I’m clueless and I had no clue just how clueless I was until I showed up here in Louisville to listen to those who do have a clue talk about… their clues. I can’t even begin to describe to you how my cluelessness has been reinforced in my mind in the last 3 days as I’ve listened to some really great speakers giving lectures on really great things.

Today as I was sitting in class I put down pen and paper and fired up my trusty MacBook Pro. I can type much faster than I can write. Another benefit of taking notes on my computer is that later I’ll actually be able to read what I’ve written. For each lecture, I took notes in a program called Journler. I chose to use it instead of Word because I like the layout a bit better for note taking, and I can have multiple tabs opened. I had a tab open for notes on every lecture, and in a separate tab I took notes that I’ve titled Random Thoughts: Londen Institute Residency. The Random Thoughts tab is just that: random thoughts of things I want to remember so that I can write about them later for you, my constant readers.

Here are my Random Thoughts for today:

  • Today any doubts I may have had about the Londen Institute are completely gone. This is a great program. The speakers are actively involved, highly educated, and highly successful. They bring in relevant, current information to prepare church leaders.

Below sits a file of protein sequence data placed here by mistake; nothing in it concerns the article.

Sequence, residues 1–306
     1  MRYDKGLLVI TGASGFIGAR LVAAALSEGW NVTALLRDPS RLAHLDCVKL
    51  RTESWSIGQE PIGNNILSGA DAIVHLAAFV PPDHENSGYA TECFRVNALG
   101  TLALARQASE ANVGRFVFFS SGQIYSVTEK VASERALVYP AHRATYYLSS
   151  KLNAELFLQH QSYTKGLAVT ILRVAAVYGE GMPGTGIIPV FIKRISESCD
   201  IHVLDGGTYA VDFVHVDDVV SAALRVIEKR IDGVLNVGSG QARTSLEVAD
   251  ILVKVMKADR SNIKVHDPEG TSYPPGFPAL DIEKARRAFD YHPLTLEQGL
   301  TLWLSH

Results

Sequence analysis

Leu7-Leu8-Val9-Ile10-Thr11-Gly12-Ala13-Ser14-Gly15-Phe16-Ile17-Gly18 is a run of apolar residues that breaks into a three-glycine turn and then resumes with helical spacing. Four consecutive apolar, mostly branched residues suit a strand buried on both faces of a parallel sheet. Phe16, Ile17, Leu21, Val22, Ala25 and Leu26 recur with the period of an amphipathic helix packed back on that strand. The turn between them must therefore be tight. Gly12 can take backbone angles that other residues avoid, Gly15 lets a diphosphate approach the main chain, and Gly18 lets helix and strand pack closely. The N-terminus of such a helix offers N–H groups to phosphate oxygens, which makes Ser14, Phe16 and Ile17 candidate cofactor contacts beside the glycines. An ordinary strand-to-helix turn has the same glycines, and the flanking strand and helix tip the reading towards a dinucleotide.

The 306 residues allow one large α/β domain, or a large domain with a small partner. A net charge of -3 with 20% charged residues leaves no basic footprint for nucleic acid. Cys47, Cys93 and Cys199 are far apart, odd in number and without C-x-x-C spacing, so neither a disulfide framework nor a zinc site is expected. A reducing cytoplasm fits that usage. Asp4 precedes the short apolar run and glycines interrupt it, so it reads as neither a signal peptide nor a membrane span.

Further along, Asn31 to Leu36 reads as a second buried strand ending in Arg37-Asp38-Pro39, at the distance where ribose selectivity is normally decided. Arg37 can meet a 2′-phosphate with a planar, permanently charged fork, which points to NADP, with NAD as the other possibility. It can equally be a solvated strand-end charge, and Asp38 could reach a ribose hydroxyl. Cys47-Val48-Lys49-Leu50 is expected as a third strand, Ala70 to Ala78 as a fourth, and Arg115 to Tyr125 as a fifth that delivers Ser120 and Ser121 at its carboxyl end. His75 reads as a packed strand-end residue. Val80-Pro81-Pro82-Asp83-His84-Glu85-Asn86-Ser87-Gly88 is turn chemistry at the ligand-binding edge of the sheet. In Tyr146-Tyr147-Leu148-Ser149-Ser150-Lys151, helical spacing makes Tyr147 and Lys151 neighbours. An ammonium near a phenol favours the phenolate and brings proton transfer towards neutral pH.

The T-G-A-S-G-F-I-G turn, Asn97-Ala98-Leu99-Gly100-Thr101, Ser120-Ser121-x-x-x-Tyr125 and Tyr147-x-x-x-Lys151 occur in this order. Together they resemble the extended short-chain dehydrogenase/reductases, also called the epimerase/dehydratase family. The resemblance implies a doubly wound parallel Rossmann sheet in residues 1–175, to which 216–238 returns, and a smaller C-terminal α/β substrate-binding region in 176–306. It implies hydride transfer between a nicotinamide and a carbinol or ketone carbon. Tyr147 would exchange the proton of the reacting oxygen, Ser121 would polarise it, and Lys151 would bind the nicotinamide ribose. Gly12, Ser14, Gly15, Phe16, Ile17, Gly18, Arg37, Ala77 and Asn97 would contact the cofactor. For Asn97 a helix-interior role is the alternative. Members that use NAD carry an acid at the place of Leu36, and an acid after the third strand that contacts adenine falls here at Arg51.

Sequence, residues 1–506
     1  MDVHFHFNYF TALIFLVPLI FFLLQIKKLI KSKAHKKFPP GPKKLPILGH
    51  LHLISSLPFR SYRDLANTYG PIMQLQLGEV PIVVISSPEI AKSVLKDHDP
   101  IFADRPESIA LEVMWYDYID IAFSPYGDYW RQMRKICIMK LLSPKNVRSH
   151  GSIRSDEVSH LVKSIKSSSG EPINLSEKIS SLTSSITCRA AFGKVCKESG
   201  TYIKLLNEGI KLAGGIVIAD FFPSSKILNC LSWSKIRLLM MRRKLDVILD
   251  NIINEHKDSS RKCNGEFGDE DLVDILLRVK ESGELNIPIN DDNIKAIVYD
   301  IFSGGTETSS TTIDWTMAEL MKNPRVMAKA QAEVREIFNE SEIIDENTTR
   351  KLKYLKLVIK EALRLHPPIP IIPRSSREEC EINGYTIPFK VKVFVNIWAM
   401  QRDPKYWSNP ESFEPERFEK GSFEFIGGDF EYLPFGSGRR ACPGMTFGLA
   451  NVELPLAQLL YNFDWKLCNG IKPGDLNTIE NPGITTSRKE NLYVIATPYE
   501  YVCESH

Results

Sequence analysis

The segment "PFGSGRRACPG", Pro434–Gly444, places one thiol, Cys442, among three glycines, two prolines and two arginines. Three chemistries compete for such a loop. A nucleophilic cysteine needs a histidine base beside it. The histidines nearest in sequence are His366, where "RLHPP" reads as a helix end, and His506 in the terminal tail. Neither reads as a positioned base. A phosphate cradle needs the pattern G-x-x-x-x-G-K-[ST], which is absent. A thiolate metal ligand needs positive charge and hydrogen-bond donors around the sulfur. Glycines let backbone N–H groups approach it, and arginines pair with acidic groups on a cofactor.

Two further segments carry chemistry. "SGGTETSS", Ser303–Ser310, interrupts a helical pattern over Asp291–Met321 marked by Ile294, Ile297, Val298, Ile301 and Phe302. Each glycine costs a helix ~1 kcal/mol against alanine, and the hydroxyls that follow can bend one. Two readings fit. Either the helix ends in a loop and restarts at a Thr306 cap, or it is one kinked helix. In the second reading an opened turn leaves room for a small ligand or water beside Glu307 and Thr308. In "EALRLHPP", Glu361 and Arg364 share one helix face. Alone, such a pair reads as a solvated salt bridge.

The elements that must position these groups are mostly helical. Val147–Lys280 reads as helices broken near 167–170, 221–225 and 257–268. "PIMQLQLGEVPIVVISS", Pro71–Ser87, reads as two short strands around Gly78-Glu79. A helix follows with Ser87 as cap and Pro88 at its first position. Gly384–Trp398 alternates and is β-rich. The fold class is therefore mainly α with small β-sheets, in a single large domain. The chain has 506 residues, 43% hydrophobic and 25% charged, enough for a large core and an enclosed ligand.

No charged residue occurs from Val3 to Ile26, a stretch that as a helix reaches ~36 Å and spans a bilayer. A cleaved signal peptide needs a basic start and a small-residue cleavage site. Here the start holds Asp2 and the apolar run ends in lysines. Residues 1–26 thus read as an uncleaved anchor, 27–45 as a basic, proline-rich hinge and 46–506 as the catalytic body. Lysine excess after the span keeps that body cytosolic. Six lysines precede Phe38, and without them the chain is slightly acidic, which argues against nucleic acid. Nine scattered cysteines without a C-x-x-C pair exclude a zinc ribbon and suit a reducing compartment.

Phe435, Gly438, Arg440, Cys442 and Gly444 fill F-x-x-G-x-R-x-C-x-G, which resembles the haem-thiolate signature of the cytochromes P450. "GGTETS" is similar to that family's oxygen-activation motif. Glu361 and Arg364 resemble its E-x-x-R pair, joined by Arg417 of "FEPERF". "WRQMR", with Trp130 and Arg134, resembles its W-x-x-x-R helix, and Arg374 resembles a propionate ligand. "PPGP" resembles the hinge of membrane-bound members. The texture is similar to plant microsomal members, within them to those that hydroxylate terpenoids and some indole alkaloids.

• Many of those in attendance are already working in churches. Some of them are Pastors, even lead Pastors. Others are church Elders. Still others work in young adult or children’s ministries. This school seems to focus on practical, applicable information.
  • When Todd Wilson mentioned that many of the older, (almost) dying churches are coming to his group asking if they can be satellites of new churches I was intrigued. That’s a really good idea, in my opinion. It kind of reminds me of what LifeChurch.tv is doing.
  • Greg Malcom, a fellow classmate and Elder in his church, took the time to explain to me know that many modern churches fall right in the middle of being conservative or liberal, and take a more realistic viewpoint… they are more “with the times”. Those types of churches are really the ones that are growing today. Lots of independent churches fall into this category.
  • 18,000 people supporting a multi million dollar site like Southeast blows my mind.
  • Remember last night’s message about taking a risk. Particularly the “creating a story” story. That was a really good illustration. Be sure to tell W. about that one.